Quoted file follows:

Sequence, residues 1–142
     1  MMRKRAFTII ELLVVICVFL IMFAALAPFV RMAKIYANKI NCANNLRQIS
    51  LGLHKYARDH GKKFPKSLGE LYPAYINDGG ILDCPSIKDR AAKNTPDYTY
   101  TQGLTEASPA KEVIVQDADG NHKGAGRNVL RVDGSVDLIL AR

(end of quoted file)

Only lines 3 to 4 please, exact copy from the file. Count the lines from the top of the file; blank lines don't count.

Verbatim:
    51  LGLHKYARDH GKKFPKSLGE LYPAYINDGG ILDCPSIKDR AAKNTPDYTY
   101  TQGLTEASPA KEVIVQDADG NHKGAGRNVL RVDGSVDLIL AR